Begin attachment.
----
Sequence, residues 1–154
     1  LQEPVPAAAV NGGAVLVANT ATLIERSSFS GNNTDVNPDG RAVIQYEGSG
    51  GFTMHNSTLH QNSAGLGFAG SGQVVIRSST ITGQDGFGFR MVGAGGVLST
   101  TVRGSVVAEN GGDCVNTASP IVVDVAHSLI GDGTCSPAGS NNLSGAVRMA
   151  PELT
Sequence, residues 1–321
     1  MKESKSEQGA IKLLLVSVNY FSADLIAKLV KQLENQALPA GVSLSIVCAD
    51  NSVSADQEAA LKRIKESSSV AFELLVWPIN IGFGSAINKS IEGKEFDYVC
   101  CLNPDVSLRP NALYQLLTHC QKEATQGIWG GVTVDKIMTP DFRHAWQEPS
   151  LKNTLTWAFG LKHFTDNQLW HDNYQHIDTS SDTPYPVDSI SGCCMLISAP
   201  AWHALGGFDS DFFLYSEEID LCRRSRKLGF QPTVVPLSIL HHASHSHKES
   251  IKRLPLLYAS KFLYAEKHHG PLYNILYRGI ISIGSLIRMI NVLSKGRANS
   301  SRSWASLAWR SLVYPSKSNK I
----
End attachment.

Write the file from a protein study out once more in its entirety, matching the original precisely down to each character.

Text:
Sequence, residues 1–154
     1  LQEPVPAAAV NGGAVLVANT ATLIERSSFS GNNTDVNPDG RAVIQYEGSG
    51  GFTMHNSTLH QNSAGLGFAG SGQVVIRSST ITGQDGFGFR MVGAGGVLST
   101  TVRGSVVAEN GGDCVNTASP IVVDVAHSLI GDGTCSPAGS NNLSGAVRMA
   151  PELT
Sequence, residues 1–321
     1  MKESKSEQGA IKLLLVSVNY FSADLIAKLV KQLENQALPA GVSLSIVCAD
    51  NSVSADQEAA LKRIKESSSV AFELLVWPIN IGFGSAINKS IEGKEFDYVC
   101  CLNPDVSLRP NALYQLLTHC QKEATQGIWG GVTVDKIMTP DFRHAWQEPS
   151  LKNTLTWAFG LKHFTDNQLW HDNYQHIDTS SDTPYPVDSI SGCCMLISAP
   201  AWHALGGFDS DFFLYSEEID LCRRSRKLGF QPTVVPLSIL HHASHSHKES
   251  IKRLPLLYAS KFLYAEKHHG PLYNILYRGI ISIGSLIRMI NVLSKGRANS
   301  SRSWASLAWR SLVYPSKSNK I